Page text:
May 18, 1989 |
The segregated beach where mixed-race parliamentary leader Allan Hendrickse swam in defiance of apartheid two years ago has been opened to all races, an official said Wednesday. Provincial governor Gene Louw announced his decision to desegregate the beach in Port Elizabeth three days after President Pieter W. Botha named him successor to Constitutional Development Minister Chris Heunis. Louw last year overruled a decision by the Port Elizabeth City Council to open its beaches to all races.
January 5, 1987 |
Cabinet Minister Allan Hendrickse, the leader of the mixed-race branch of Parliament, led about 100 people of mixed race Sunday into the ocean at a whites-only beach in Port Elizabeth to protest apartheid. Hendrickse arrived at King's Beach, which is reserved for whites, wearing a swimsuit and robe. No white sunbathers were on the beach at the time.
January 22, 1987 |
The leader of the mixed-race House of Representatives in South Africa's tricameral Parliament publicly apologized Wednesday to President Pieter W. Botha for swimming at a "whites only" beach this month to protest continued racial segregation. Botha told a news conference later in Cape Town that the apology by the Rev.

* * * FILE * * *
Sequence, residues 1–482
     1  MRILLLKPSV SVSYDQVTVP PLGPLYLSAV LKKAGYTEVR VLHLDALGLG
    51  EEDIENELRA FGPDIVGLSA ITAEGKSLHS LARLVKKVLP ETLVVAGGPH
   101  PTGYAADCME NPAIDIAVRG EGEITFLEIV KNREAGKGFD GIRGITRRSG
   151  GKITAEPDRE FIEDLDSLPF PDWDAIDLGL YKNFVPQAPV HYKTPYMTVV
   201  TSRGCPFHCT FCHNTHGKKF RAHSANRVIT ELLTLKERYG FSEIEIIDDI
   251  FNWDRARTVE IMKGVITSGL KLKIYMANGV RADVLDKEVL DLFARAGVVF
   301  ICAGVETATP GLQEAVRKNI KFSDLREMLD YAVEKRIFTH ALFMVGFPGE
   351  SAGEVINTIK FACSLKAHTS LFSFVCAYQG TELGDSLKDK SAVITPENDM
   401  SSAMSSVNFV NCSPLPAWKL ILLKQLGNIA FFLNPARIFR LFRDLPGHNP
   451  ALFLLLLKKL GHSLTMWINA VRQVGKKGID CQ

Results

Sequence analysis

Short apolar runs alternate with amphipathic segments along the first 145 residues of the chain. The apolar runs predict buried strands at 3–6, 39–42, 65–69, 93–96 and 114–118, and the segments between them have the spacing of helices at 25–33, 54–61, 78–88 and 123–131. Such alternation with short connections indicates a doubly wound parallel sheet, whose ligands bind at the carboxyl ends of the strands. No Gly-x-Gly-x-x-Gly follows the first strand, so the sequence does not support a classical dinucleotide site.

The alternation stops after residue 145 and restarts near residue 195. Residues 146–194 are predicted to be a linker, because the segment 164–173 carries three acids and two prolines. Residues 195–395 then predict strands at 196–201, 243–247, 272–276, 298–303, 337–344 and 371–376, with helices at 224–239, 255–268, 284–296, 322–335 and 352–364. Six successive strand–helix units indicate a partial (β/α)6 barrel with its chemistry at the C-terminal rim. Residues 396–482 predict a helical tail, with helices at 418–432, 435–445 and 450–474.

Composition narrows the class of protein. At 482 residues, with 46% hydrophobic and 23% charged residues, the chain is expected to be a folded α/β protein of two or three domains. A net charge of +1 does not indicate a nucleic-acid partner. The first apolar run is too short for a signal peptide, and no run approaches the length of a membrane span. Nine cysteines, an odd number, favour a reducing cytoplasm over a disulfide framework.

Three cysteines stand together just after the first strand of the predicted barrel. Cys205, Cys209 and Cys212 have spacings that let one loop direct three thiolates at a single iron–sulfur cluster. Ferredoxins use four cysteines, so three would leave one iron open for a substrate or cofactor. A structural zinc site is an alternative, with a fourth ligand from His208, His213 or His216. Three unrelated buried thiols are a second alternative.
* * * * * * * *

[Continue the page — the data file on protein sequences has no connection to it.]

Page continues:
February 24, 1990 |
Black nationalist leader Nelson R. Mandela met Friday with parliamentary opposition leaders at his home in the black township of Soweto, while more than 1,500 anti-apartheid demonstrators staged a pro-democracy protest in downtown Johannesburg. Officials of the Democratic Party, the main white anti-apartheid party, and the United Democratic Front, an anti-apartheid coalition, joined the leader of Parliament's mixed-race chamber in an hourlong discussion with Mandela.
April 5, 1990 |
Nelson R. Mandela flew to Cape Town to meet South African President Frederik W. de Klerk, who blamed the African National Congress for a snub by four black homeland leaders who boycotted talks with him today. Mandela, the ANC deputy president, arrived at De Klerk's Cape Town office this evening with three other ANC leaders for the guerrilla movement's first official talks with the white rulers it has opposed since its foundation in 1912.
June 10, 1987 |
President Pieter W. Botha today renewed South Africa's year-old state of emergency for up to another year. "The ordinary laws of the land are still not sufficient to curb the threat" to security and public order, Botha said in an address to a joint meeting of the white, Asian and mixed-race chambers of Parliament. "Taking account of the security of the republic and the maintainance of public order, I have therefore decided to again proclaim a state of emergency throughout the republic," he said.